The "New Normal"
Following what she called an “unusually challenging year” dominated by financial reversals, President Drew Faust delivered an “opening-of-year” address in Sanders Theatre on September 24, in lieu of the e-mail messages sent in prior years. It seemed “a good moment to talk in person,” she told the audience.
Economic conditions aside, the formal speech perhaps also symbolized an evolution in her leadership. In a conversation earlier that week, Faust said that the first two years of her presidency were deliberately characterized by consensus-building, dispersed authority, and listening. Now, atop that foundation for eliciting ideas and setting directions for the University—and in light of more straitened circumstances—she felt it necessary to display a “more assertive leadership,” defining and articulating those directions. Accordingly, her speech set out to describe those constraints, to recall universities’ distinctive mission, and to exhort members of the Harvard community to collaborate in all ways, so that “even as we find ways to adjust, we will also find ways to advance.” (The text and audio and video recordings are accessible at http://harvardmagazine.com/breaking-news/harvard-president-faust-state-of-the-university.)
Before focusing on “our changed financial situation” and the “difficult challenges” that still face the University, Faust recalled the “resilience” and “creativity” of prior Harvard generations in sustaining and building the institution, and asked that the community “meet this moment with equal devotion.” She underscored the need for the University’s scholarship and teaching in a world beset by global economic problems, climate change, infectious diseases and healthcare disparities, inequality, and religious and cultural strife. In conducting research, devising policy solutions, and education, she said, universities are uniquely placed to “take the long view” of immediate problems, placing them in historical context and maintaining a perspective on the horizon beyond. People within the University, she said, have the obligation “not just to serve but to doubt,” particularly at a time when “our work here has never mattered more.”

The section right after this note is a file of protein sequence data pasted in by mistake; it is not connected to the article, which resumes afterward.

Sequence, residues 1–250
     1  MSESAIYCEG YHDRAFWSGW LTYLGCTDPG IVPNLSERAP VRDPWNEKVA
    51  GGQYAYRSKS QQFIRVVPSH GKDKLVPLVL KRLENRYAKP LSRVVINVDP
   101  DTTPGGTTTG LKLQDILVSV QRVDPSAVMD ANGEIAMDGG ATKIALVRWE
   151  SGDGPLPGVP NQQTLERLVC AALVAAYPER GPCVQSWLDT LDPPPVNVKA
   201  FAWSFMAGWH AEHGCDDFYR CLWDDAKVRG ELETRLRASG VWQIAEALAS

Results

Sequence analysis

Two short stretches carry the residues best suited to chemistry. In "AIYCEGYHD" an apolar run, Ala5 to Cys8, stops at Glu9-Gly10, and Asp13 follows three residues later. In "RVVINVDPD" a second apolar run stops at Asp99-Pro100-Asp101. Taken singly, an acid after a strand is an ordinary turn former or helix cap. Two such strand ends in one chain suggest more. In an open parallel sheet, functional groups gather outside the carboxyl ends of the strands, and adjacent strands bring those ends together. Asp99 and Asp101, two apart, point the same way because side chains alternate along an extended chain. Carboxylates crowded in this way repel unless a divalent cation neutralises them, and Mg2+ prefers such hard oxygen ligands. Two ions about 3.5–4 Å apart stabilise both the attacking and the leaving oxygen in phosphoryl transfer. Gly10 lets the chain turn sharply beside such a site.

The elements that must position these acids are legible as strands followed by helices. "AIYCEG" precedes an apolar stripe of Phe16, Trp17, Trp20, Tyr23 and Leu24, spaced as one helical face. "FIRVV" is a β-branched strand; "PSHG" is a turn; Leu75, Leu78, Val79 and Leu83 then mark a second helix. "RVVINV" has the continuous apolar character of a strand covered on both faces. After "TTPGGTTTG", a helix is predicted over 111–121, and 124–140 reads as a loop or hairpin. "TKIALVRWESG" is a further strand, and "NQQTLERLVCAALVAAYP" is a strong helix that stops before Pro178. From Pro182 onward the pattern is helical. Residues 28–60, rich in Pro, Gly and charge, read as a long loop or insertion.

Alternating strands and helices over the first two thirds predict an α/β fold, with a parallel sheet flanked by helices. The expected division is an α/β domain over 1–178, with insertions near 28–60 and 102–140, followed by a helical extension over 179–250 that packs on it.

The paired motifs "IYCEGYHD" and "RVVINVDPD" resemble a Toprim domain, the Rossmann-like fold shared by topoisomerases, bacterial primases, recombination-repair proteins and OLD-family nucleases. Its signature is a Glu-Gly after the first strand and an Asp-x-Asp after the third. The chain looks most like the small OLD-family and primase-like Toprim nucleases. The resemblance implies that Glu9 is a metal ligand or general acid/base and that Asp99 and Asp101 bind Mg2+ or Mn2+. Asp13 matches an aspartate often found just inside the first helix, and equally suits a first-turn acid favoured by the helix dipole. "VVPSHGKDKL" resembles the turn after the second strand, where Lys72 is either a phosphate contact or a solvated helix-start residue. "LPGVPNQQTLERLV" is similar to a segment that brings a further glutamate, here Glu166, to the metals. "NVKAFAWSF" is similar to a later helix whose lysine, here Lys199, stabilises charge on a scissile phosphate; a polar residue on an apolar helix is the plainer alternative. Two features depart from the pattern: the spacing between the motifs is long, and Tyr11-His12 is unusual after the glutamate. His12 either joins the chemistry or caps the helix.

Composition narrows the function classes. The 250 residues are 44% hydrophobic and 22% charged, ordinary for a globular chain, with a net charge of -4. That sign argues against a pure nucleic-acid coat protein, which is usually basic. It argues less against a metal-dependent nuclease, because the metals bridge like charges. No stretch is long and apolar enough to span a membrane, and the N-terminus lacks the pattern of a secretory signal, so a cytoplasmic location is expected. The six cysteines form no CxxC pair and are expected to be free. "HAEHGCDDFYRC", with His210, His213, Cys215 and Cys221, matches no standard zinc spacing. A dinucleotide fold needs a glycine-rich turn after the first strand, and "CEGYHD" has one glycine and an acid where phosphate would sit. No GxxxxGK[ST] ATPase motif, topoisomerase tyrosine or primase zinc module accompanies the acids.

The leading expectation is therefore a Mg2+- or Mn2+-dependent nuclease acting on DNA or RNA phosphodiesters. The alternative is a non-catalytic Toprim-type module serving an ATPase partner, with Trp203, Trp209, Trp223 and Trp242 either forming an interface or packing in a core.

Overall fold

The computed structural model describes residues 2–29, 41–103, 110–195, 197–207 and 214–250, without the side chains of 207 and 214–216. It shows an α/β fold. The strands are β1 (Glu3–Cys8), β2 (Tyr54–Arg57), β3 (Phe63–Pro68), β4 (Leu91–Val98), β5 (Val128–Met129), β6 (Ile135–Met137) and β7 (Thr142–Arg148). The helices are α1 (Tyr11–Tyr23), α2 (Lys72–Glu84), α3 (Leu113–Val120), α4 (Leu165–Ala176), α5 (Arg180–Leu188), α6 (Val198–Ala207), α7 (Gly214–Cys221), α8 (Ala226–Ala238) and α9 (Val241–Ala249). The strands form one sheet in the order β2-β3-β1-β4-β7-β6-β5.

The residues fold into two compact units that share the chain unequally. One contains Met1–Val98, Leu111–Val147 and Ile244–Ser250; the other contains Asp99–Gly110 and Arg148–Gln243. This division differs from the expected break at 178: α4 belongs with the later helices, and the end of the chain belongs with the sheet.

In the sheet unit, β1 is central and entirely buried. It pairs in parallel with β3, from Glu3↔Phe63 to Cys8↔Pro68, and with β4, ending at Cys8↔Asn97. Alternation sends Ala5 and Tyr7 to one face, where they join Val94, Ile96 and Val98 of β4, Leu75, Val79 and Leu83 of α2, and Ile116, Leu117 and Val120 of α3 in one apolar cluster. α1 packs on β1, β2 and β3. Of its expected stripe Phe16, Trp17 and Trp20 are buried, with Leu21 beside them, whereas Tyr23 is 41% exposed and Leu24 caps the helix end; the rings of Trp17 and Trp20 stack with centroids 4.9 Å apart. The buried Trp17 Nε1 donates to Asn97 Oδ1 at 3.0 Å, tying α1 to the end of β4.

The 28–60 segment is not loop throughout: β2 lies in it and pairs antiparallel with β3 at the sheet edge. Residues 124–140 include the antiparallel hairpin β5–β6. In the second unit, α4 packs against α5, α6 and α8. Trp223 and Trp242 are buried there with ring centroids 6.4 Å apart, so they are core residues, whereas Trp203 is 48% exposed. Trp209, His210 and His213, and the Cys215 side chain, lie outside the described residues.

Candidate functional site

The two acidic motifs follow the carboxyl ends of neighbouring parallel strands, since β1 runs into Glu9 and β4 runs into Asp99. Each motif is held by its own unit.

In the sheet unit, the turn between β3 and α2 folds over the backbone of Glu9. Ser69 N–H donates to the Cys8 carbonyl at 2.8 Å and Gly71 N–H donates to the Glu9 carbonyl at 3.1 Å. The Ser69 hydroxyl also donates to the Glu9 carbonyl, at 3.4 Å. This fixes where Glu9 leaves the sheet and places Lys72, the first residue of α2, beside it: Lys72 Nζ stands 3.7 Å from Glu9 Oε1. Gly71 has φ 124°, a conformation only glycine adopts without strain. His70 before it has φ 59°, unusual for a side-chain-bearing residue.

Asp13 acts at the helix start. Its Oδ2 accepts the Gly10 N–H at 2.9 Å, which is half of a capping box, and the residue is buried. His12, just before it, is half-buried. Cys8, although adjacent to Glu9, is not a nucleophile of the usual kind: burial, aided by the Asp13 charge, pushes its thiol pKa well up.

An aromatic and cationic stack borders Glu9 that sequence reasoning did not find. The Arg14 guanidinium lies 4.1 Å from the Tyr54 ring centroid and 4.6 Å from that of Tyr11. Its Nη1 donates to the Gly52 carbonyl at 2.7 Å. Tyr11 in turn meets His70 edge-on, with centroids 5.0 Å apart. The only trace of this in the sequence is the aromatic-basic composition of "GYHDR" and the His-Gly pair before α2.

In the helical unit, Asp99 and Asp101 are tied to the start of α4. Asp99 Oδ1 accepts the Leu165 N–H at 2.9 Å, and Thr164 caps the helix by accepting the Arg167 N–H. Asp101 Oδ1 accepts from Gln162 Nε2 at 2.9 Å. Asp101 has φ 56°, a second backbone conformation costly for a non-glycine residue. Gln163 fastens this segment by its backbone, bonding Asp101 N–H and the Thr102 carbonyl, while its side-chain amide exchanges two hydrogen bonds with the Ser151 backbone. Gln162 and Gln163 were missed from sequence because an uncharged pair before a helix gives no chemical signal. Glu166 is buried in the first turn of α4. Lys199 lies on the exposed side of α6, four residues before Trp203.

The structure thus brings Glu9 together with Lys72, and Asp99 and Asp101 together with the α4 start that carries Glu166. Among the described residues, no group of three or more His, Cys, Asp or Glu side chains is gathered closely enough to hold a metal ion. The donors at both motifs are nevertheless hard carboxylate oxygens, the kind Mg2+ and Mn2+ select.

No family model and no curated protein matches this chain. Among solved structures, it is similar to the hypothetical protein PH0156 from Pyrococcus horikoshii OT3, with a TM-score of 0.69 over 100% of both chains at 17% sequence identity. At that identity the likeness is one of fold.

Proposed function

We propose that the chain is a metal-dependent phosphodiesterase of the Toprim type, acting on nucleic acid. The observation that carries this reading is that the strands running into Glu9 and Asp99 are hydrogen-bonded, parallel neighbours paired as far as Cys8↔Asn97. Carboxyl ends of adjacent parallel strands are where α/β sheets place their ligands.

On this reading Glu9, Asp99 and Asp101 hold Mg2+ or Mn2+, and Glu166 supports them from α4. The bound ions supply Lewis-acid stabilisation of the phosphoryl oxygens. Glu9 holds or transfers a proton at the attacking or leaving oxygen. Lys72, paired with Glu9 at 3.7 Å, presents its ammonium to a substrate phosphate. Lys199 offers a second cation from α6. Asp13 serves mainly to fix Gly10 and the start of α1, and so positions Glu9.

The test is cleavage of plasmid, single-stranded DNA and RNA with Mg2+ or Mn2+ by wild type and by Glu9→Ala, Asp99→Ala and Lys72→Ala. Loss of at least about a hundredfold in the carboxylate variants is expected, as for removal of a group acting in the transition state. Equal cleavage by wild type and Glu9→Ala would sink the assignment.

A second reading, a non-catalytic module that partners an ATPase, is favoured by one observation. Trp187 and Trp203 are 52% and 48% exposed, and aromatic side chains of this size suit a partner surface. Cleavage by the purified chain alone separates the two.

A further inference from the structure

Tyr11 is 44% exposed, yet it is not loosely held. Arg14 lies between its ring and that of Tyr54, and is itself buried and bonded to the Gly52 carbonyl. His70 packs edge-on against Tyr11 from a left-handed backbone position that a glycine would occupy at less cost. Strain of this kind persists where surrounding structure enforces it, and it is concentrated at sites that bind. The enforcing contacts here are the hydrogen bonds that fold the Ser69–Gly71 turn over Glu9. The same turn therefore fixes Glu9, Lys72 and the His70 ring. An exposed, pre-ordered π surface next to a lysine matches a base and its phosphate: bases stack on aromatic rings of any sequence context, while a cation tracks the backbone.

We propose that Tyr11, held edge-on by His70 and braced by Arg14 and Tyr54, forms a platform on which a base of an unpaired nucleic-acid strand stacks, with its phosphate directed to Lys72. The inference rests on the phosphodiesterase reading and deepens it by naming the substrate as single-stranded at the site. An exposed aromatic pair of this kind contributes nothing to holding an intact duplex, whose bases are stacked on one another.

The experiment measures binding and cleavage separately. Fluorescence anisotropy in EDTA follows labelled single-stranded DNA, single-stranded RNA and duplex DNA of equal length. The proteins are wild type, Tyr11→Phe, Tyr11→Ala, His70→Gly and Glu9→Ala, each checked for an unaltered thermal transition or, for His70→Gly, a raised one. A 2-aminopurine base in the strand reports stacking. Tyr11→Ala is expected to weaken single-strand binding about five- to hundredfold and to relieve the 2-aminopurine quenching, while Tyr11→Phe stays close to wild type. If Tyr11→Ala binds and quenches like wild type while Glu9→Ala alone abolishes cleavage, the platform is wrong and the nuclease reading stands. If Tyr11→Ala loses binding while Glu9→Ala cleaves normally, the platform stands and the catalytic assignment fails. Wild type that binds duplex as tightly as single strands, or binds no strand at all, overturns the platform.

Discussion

Turning to current circumstances, Faust noted that the endowment’s value had declined sharply (see “$11 Billion Less,” page 50). Given typical distributions of about 5 percent of the assets’ value annually, she noted that the decline would imply a loss of $500 million in such income—devastating for a University that derives more than a third of its operating revenue from that source. Instead, Harvard aims to spend about 6 percent this year, and then a progressively lessening percentage in future years, to keep the decline in operating revenues from being too abrupt or jarring. Nonetheless, that means that after a period of rapid growth, the University now faces a structural revenue gap, Faust said—because it tied income too closely to volatile markets and learned “costly lessons about risk” as a result.
Looking ahead (and outlining some of the information to be disclosed in Harvard’s annual financial report in October), Faust said that net income from tuition (after financial aid) declined in fiscal year 2009; that current-use giving had risen, but that gift income overall, as reported, had declined by nearly 10 percent; and that sponsored-research funding had risen by a relatively robust 7 percent. The latter boost may not be permanent, she warned, given the two-year surge of funding associated with the federal government’s stimulus program.
How would Harvard adapt? Faust reiterated principal elements in the financial plan (see “Finding a New Footing,” September-October, page 44): distributions from the endowment will decline 8 percent in the current fiscal year, and “at least” that much more next year. She said that the schools’ responses to new budgetary realities varied with their circumstances, but did not provide any detailed examples. Spending reductions did achieve “meaningful savings” last year, compared to the budget adopted before the financial crisis. Many reductions reflect multiple steps taken to restrain personnel costs: trims in hiring and in filling vacancies; some voluntary retirement incentives for staff, followed by layoffs late last spring; and the freeze on faculty and nonunion staff salaries.
The University has also “slowed our ambitious capital plans,” she noted, especially with regard to the long-term ambitions in Allston. Compared to last year’s original capital plan, spending has been cut in half for the next several years, she said. And efforts continue to secure efficiencies in procurement.